Radhus - City Hall, Reykjavík
The first thing to do after visitting tourist information was to visit Reykjavik City Hall .It was completed and inaugurated on April 14th 1992.It's on the northern shore of Lake Tjornin.It looked very modern The ground floor of the building is organised around the walking routes between the West and the town centre and continued via a bridge to the theatre Idno.The place sometime used as art exhibitions.The ground floor is also serve as a place to relax close to the lake all year round. We can take in the view of the lake from the Radhuskaffi coffe shop.There 's 3D map of Iceland.The upper floors are divided into council and office buildings.The building is open to visitors, Mondays to Fridays 8:00-19:00 and Saturdays and Sundays 12:00 to 18:00.
The day I walked around ,there's not many people.In front of city hall by the lake ,it's a little windy and qutie cold for me,so I just sat down for a while,feed the birds and duck a bit,then walk on.
Our City hall is located in the pond "Tjörnin" really. It was inaugurated on April 14, 1992 and not everybody here was happy about this location and it caused a lot of controversy, but now the nation has got used to it. It is open from 8:20-16:15, and the upper floor is divided into council and office buildings, where f.ex. the Mayor's office is located, and the ground floor is open to public every day of the week, with a nice café (the picture does not do it justice) with a lovely view of Tjörnin and its swans, ducks and geese.
There is an exhibition area on the ground floor (just walk down a few steps), with art exhibitions and a 70 fm2 topographical model of Iceland. There are three entrances to the City hall, but the nicest one is crossing the bridge which leads you straight to the ground floor with the café on your left hand side.
We have had 6 Mayors in the past 4 years (2010) - never a dull moment in City hall!! On the 4th of June 2010 a new Mayor was elected - he is one of our best comedians and I think him running for a Mayor was supposed to be a joke - but he won and I wish him best of luck with running our city.
This is a modern looking building situated right beside the Tjornin Lake. Unfortunately, every time during the three times I passed by the lake, it was already late into the evening (still bright in summer) and so it was closed. Open on weekdays from 0800-1900 and on Weekends, from noon to 1800.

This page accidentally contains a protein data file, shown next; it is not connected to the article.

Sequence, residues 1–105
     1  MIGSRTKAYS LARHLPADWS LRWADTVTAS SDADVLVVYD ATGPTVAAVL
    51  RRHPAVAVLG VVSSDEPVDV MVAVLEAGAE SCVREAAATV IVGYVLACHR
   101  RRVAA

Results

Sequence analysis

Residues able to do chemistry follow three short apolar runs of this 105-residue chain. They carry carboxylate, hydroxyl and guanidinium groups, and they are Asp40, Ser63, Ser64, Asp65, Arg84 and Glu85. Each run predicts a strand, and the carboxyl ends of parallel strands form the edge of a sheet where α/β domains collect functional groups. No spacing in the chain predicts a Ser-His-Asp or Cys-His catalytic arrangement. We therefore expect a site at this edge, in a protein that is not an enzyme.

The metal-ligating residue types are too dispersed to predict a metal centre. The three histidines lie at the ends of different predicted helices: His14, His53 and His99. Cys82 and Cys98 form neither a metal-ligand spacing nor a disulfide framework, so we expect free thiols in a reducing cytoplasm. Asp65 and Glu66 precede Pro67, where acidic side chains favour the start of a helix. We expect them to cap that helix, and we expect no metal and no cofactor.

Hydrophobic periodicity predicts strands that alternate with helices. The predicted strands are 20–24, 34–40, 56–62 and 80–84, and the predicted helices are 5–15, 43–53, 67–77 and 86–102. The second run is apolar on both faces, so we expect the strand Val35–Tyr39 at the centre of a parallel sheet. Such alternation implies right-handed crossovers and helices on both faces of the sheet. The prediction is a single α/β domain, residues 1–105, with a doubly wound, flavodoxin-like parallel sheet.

But inside this buildign would be found a 3-d model of iceland, over 90 square yards in size, and giving you an overview of this young archipelago's geography. There are also some exhibitions available at times, and of course a visitor information desk coupled with a coffe shop complete with internet access!
This modern building houses the City Hall since 1992. There was a big discussion due to it's a modern building in the historic part of Reykjavík.
There is a Tourism Centre inside as well as a café (with a beautiful view of the pond), art galleries and a beautiful "little" Iceland to scale (second pic).
The City Hall in Reykjavik is in the centre of the city, located at the north shore of Lake Tjornin. The modern building is impressive and unique, surrounded by water and varied bird life. The hall houses the Mayor of Reykjavik, and was opened in 1992. It is also the workplace of the executive officials on Reykjavik. The building is open to the public every day, and on the ground floor there is an information desk and café overlooking the lake
This modern building on the north end of the Tjörnin is the center of city government. It's enjoyable enough to admire the outside, but you can go inside as well if you like. Visiting hours are Monday - Friday 8AM - 7PM, and weekends noon - 6PM. There's even a cafe inside.
Located on the edge of a natural lake I wandered into this building by mistake. As I sampled the delights of the restaurant it slowly became apparent that the other customers all seemed to work there! I’m not sure if dining is open to the public if it is I can recommend it. The building provides for amusing views of geese attacking unsuspecting tourists trying to feed them. If you go down stairs you can see an improbably large sized scale model of Iceland - well you’ve got to do something on all those dark nights.
The town hall is situated on the Northern end of Tjörn (the lake in the old quarter of Reykjavík). It's a rather striking building, perhaps because it's far newer (it opened in 1992) than the surrounding buildings.
Inside there is a tourist information desk, a cafe and a huge map of Iceland.
Admission is free.
The Reykjavik City Hall is worth seeing because it is located on the Tjörn and it´s design is quite unique to the majority of Icelandic architecture. It is a very modern building and I read that many residents of Reykjavik were displeased with it´s construction. I think it looks pretty cool to me! I suppose there is always some disagreement with change.